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U.S. House Democrats attack Pompeo aides on Saudi weapons, cite war crimes concerns

WASHINGTON (Reuters) - Top aides to U.S. Secretary of State Mike Pompeo went before a congressional committee on Wednesday to defend President Donald Trump’s dismissal of the former State Department inspector general as he investigated weapons sales to Saudi Arabia and allegations that Pompeo misused department funds.

R. Clarke Cooper, assistant secretary of state for political-military affairs at the U.S. Department of State, Brian Bulatao, under secretary of state for management at the U.S. Department of State, and Marik String, acting legal adviser at the U.S. Department of State, listen during a House Committee on Foreign Affairs hearing looking into the firing of State Department Inspector General Steven Linick, on Capitol Hill in Washington, U.S., September 16, 2020. Stefani Reynolds/Pool via REUTERS

Trump abruptly fired Steve Linick from the State watchdog position on May 15, as he probed the administration’s decision to approve billions of dollars in military sales to Saudi Arabia despite congressional opposition.

Members of Congress had objected to the transactions, concerned they would exacerbate the huge humanitarian cost of the war in Yemen, possibly leaving U.S. officials vulnerable to war crimes charges.

“Did Mr. Pompeo fire (Linick) because he was getting closer and closer to matters that were embarrassing for Mr. Pompeo and his family… matters that implicated the State Department in a scheme to bypass Congress and sell lethal weapons that might be used for war crimes?” asked Representative Eliot Engel, the Democratic chairman of the House of Representatives Foreign Affairs Committee.

Linick was one of five inspectors general - officials responsible for preventing government waste, fraud and abuse - fired under the Trump administration within six weeks. The firings prompted concern among members of Congress, including some of Trump’s fellow Republicans, over whether Trump was interfering with legitimate oversight.

“The news of Inspector General Linick’s firing did come as a surprise... Any time one is terminated, it naturally will raise some questions,” said Representative Michael McCaul, the committee’s top Republican.

However, McCaul noted that Inspectors general (IGs), like other executive branch officials, serve at the pleasure of the president.

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Linick was also investigating allegations that Pompeo and his wife misused government resources by having department staff handle personal matters, such as picking up cleaning and walking their dog.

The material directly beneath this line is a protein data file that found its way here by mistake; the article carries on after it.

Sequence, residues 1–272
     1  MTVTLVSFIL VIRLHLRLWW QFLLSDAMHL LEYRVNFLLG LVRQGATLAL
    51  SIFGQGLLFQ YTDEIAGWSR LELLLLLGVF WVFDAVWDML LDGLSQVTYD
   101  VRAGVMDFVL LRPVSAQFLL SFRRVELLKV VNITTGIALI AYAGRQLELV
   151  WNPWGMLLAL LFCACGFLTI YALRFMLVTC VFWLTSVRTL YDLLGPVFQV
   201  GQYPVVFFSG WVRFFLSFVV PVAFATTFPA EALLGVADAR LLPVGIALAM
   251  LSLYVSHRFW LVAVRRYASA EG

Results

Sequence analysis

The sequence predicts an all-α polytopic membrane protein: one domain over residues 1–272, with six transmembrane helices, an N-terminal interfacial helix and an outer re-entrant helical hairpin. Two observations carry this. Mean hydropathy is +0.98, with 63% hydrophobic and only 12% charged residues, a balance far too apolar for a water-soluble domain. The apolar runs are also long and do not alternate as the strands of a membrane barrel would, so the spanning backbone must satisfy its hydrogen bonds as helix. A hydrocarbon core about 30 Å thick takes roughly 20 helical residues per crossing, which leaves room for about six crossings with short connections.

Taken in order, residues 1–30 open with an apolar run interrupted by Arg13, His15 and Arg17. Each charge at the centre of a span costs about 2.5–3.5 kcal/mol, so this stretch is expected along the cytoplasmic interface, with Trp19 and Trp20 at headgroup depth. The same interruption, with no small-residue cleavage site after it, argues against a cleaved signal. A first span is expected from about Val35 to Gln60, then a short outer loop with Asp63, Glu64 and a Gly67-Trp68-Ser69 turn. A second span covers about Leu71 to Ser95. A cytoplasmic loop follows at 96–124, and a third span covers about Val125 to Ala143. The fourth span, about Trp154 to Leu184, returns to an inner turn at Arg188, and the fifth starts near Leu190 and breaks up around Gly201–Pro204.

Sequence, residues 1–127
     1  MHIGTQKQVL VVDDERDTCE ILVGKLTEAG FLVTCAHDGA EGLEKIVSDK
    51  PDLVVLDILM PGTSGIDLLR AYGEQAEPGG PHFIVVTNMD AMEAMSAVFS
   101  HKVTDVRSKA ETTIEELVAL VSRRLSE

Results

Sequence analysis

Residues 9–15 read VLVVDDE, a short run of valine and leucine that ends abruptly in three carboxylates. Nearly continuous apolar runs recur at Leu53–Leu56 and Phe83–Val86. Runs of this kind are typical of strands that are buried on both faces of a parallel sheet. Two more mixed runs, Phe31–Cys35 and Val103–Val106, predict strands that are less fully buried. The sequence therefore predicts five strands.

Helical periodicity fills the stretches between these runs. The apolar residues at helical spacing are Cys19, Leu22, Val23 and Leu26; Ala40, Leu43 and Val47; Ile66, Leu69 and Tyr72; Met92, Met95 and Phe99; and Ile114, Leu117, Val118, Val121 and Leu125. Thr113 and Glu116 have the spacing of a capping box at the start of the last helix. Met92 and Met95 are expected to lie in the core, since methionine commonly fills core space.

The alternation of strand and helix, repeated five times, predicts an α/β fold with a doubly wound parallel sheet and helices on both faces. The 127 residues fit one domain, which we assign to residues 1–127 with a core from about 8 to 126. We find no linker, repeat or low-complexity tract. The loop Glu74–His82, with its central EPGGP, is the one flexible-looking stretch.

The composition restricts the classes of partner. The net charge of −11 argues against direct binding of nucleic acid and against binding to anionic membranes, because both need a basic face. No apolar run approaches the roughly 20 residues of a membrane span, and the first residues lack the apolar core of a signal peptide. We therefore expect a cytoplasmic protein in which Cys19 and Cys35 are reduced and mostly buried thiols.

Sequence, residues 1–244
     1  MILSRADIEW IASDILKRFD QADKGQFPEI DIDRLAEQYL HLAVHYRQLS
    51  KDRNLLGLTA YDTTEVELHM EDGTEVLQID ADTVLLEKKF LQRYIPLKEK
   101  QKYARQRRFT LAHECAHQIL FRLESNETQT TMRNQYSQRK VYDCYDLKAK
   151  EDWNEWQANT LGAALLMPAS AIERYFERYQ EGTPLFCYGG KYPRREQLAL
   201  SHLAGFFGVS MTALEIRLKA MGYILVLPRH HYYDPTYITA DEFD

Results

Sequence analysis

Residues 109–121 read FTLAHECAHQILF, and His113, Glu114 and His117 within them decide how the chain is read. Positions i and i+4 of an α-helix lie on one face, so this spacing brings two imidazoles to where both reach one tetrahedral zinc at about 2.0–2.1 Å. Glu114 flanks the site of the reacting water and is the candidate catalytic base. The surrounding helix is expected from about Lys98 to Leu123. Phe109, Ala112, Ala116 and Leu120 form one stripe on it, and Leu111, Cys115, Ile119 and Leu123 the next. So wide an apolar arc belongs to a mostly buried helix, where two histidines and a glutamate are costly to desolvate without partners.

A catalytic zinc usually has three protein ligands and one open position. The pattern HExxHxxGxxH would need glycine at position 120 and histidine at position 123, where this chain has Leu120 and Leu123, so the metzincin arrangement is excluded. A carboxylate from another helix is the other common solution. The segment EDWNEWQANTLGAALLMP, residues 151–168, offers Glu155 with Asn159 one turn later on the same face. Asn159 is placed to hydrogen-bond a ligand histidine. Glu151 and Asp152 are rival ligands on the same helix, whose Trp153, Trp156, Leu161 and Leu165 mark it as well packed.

‘LAPSES AND SHORTFALLS’

Three officials - Brian Bulatao, Under Secretary for Management, acting legal adviser Marik String and Clarke Cooper, assistant secretary for political-military affairs - testified.

Bulatao, a Pompeo confidant, insisted Linick’s firing was not retaliation. He accused the longtime government official of a “variety of lapses and shortfalls,” including improper email practices and failure to complete an important audit on time.

Linick, who served as State IG for seven years, has denied wrongdoing.

Underscoring tensions between Congress and the administration over Linick’s firing, Bulatao and String agreed to testify only after the panel announced subpoenas.

Wednesday’s hearing lasted for more than three hours and often lapsed into acrimony, as Democrats attacked the department for refusing to cooperate. “The Foreign Affairs Committee is investigating? Blow them off. Cancel their briefings. Call them names,” Engel said.

Congress had requested an investigation into the Trump administration’s May 2019 decision to allow $8 billion in military sales to Saudi Arabia, United Arab Emirates and Jordan by declaring a “national emergency” over tensions with Iran.

Lawmakers had blocked many of the transactions for months out of concern the Raytheon smart bombs and other equipment might contribute to the human catastrophe in Yemen, where bombings by a Saudi-led coalition have caused heavy civilian casualties.

A report issued by the IG’s office in August found State did not fully evaluate the risks to civilians when it pushed through the huge precision-guided munitions sale, although it did not violate the law.

Reporting by Patricia Zengerle; editing by Mary Milliken and David Gregorio

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